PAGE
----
Posted on July 9th, 2009 No comments
From where we are at the moment in our understanding of HIV disease, we have to accept that lifelong treatment will be required for most infected individuals..
The drugs are not free from undesirable effects, they are costly and for many, quality of life is impaired to a greater or lesser extent by taking medications, even a single pill, day after day.
For these reasons it is important to study ways to safely minimize exposure to these necessary drugs.
We have potent tools to fight HIV disease but we still do not know how best to use them to achieve the most favourable antiviral effect, while minimizing toxicity and undesirable effects.
One approach to these objectives – at the moment, perhaps the only viable approach is the study of intermittent therapy as a means to safely reduce exposure to drugs. This approach will almost definitely not be possible for all HIV infected people needing treatment. But it may well be possible for most. The cost savings with intermittent therapy could also be substantial.
This important undertaking was dealt a completely unwarranted setback with the publication of the results of the SMART study, in the New England Journal of Medicine in 20061. SMART is by far the largest study comparing continuous with intermittent therapy. In this study more people died in the intermittent treatment arm, not only from AIDS associated events but all cause mortality was increased, including more deaths from cardiovascular disease and from some cancers not previously associated with AIDS.
The negative effect of SMART on the study of intermittent treatment continues. In addition, because of the association of an increased number of deaths with intermittent treatment from cardiovascular disease and other conditions not related to HIV disease, the SMART study results have been interpreted by some to indicate that HIV disease includes a much wider spectrum of clinical manifestations than previously thought. The most favoured, and almost certainly correct explanation for how HIV infection causes heart disease and some other conditions is that they are a consequence of inflammation induced by infection with this virus.
For a number of reasons, the conclusion that, as a generalization, intermittent therapy is associated with a worse outcome compared to continuous therapy is completely without justification. The original SMART study report omitted information that brings this conclusion into question; this has been alluded to in a previous post. Almost all the deaths in the study occurred at US sites, where in contrast to non-US sites multiple co-morbidities were over represented. As seen in the table below these co morbidities included, among other conditions, hepatitis B and C, a history of heart disease and diabetes. There were even significantly more smokers among those enrolled at US sites. How can one extrapolate interpretations of observations made in such individuals to HIV infected populations free from these co-morbidities?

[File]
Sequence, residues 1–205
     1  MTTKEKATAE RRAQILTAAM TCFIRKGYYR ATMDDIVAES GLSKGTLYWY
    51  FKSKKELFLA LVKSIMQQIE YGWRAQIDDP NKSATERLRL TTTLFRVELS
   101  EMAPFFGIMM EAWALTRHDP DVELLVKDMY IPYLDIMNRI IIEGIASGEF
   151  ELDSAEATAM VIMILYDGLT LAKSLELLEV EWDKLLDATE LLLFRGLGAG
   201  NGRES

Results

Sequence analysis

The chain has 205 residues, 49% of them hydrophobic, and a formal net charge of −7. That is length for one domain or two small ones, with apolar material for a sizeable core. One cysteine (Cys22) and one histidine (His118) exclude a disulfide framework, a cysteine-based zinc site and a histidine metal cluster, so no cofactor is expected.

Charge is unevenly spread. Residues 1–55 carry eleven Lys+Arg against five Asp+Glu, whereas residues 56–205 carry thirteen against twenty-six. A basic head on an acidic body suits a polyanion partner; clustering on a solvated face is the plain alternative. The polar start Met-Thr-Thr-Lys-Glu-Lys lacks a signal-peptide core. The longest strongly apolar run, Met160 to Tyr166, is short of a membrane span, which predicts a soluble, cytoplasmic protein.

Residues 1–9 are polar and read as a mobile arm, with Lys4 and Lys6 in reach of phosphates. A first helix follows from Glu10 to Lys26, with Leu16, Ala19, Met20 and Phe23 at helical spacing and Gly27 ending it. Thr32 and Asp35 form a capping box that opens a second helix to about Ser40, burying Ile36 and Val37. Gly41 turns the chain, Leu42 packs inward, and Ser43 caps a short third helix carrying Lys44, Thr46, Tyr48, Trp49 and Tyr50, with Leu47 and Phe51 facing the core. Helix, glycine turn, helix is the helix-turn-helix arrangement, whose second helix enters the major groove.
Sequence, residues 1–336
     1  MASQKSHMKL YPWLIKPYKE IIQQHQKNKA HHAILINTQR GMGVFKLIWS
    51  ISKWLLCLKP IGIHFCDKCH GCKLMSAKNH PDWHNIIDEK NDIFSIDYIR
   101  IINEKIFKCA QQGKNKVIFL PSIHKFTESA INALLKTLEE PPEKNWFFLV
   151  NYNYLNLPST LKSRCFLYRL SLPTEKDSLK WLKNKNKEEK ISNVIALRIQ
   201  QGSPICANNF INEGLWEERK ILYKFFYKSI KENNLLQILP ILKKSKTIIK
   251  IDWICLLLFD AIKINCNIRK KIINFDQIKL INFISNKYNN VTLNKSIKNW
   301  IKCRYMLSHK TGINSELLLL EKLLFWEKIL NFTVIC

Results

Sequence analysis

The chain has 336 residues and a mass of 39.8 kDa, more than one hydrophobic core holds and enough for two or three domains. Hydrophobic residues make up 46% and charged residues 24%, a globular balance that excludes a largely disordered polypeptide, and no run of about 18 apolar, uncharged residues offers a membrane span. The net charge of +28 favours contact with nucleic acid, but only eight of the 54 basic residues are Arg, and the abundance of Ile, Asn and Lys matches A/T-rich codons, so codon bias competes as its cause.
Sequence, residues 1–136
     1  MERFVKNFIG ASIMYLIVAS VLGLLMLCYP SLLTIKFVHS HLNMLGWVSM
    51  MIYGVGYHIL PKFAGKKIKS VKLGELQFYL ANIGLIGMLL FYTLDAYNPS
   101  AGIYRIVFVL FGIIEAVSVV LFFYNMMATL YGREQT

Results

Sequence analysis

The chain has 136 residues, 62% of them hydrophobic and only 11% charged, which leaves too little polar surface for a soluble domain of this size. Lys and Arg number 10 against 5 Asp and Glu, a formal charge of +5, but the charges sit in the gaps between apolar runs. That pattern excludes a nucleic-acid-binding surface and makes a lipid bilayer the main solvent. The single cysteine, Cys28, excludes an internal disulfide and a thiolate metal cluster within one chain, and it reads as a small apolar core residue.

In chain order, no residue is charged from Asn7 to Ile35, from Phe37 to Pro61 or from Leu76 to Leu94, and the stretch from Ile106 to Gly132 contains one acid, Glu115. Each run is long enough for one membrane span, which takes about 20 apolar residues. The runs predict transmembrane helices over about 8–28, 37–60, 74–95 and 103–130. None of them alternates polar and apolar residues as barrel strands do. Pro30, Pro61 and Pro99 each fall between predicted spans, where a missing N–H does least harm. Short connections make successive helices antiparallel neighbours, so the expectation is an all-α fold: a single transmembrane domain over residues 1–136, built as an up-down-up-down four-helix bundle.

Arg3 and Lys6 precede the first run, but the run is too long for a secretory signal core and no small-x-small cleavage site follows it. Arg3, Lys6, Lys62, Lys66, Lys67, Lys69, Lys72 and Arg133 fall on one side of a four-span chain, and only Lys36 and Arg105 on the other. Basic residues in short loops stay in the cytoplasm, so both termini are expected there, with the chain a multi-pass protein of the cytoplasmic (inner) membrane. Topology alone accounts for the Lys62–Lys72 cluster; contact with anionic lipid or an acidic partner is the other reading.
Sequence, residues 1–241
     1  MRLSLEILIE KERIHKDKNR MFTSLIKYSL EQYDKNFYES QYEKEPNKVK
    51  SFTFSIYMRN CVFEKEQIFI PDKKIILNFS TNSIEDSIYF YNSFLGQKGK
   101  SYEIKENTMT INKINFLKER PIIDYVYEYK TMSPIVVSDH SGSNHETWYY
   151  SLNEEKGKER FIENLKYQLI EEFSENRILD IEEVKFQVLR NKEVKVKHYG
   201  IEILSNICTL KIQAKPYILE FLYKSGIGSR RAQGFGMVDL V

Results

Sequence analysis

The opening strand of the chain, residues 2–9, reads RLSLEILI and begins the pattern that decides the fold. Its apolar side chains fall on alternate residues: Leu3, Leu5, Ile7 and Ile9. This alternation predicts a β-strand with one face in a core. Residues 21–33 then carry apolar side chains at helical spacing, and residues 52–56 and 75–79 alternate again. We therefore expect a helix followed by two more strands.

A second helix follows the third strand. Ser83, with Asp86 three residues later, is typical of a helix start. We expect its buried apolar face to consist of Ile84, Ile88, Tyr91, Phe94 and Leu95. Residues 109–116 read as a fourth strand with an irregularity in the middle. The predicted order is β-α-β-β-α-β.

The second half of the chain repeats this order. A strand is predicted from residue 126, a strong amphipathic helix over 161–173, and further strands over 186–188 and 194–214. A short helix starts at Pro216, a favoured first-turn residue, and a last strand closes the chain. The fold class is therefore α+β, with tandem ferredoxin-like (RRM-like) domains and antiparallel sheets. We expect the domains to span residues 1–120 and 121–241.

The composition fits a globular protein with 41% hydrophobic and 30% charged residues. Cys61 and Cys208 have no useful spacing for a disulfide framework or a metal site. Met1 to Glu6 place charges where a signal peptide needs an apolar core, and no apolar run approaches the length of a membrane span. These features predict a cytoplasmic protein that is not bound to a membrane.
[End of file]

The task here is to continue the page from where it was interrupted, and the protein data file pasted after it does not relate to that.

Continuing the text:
SMART studied just one particular strategy of CD4 guided intermittent therapy, in a population where multiple non HIV related diseases were overrepresented in US sites, where almost all deaths occurred (79 out of a total of 85 deaths). These conditions included hepatitis B and C, hypertension, and a previous history of heart disease Even setting aside interpretative difficulties concerning this particular study, one can say no more than that the particular strategy of treatment interruption used in SMART, in the population studied, indicated a worse outcome in those randomized to receive intermittent therapy. That’s all. The generalizations made about the danger of intermittent treatment were completely unjustified, although enthusiastically endorsed by many community commentators, and repeatedly stressed in educational literature addressed to physicians.
Inappropriate generalizations of course apply to other studies of treatment interruptions, which used different criteria for interrupting therapy. All the other studies were smaller than SMART and had different follow up times. But in all of them the excess mortality observed in SMART was not seen, although in some, morbidity, particularly bacterial infections, was more frequent with intermittent treatment.
Some examples are the Trivacan study2 which was conducted in a different population using different interruption criteria. There was an excess of bacterial infections in those receiving intermittent therapy but not the excess of deaths noted in SMART. The Staccato study3, using a different interruption strategy also did not show the excess mortality seen in SMART in the treatment interruption group.
The LOTTI study4 concluded that the continuous and intermittent therapy groups could be considered equivalent. Actually, in complete contradistinction to the SMART results, in this study, cardiovascular disease was actually worse in the continuous therapy group (controls) compared to those receiving intermittent therapy (STI group). Although pneumonia was more frequent in the STI group. Here is a sentence from the author’s abstract.
“A higher proportion of patients in the STI arm were diagnosed with pneumonia (P 0.037), whereas clinical events influencing the cardiovascular risk of patients were significantly (P<0.0001) more frequent among controls”.